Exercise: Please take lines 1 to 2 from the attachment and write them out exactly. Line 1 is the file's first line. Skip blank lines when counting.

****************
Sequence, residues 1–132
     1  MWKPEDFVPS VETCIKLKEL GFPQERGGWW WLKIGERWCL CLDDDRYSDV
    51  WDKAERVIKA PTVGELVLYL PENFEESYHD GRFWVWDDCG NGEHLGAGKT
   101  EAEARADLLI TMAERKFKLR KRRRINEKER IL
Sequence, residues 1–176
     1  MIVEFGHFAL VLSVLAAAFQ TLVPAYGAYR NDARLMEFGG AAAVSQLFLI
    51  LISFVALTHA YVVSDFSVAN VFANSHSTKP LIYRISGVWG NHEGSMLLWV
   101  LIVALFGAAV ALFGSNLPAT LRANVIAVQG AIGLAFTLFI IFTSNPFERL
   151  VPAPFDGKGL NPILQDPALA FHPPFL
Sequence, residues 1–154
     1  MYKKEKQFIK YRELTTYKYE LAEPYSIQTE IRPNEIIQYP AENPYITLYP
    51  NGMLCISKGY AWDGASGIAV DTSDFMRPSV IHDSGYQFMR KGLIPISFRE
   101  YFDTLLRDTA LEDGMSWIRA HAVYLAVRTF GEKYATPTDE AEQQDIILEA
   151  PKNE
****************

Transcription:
Sequence, residues 1–132
     1  MWKPEDFVPS VETCIKLKEL GFPQERGGWW WLKIGERWCL CLDDDRYSDV